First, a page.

Parenting an adopted child can be a challenge. Letting them know that they are adopted is even more so, as it is a very sensitive issue for both the child and the parents. So, if you have an adopted child, what should you do to make them know the truth and yet not take away their sense of belongingness to you?
Adoption is an ancient practice. Although an adopted child immediately becomes a part of the family, accepting him as normally as your own biological offspring takes time. The best way to overcome the psychological barriers related to adoption is to make the concept of adoption feel normal, first to yourself and then to your child.
Each case of adoption may have a different story behind it, and in your case, you’ll know best how to deal with the facts. It could either be the death of biological parents, abandonment due to poverty or any other issue. It is important to know when to tell, how much to tell and in what manner. Make sure that your child is emotionally mature enough to be able to handle the feelings that come with the revelations.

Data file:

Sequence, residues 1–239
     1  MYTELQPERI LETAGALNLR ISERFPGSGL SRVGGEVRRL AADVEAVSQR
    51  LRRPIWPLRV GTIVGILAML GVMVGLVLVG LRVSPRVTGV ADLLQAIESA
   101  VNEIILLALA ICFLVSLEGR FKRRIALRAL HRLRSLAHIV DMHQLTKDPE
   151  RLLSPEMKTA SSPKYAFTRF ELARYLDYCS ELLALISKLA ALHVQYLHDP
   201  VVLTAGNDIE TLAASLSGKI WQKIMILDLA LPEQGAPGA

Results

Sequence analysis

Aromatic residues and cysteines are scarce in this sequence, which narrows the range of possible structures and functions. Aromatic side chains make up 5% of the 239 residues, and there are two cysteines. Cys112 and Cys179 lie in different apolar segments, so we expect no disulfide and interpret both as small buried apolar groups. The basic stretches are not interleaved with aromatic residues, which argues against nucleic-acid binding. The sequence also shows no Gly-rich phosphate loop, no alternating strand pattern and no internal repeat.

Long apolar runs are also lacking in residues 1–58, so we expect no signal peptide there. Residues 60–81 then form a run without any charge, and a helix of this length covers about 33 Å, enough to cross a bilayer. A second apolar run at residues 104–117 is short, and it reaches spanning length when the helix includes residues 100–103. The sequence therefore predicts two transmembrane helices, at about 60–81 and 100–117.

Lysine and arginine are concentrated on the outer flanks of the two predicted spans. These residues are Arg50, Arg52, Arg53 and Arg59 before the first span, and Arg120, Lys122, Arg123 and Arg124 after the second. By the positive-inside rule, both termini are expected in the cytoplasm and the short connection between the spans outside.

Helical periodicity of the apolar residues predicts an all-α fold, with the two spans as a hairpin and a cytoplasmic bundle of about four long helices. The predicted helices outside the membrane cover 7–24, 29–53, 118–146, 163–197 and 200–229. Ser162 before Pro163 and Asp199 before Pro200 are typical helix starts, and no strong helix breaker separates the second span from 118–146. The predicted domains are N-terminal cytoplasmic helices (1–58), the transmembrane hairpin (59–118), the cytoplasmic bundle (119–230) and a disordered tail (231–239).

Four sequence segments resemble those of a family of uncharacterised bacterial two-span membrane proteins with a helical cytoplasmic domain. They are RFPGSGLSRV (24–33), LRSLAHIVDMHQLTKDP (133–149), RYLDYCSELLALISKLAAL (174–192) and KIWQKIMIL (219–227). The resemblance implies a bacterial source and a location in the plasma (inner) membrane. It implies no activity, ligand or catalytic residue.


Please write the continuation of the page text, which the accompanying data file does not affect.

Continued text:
Letting your child know that she was adopted should be done in steps rather than breaking the details point blank. There are several innovative ways of doing so. You can start by first making your adopted child understand what adoption is; let it be understood between you and her that the concepts of love, care, home and family are not defined by biological relation.
Our ClipBook, with its collection of insightful articles on adoption, will help you with some guidelines. From common questions that crop in the minds of adopted children to things you should refrain from saying to them, you’ll get to know all. Read on.
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Psychiatrist and Author David Brodzinsky, PhD, shares advice for parents on the best way and best time to tell your child that they are adopted.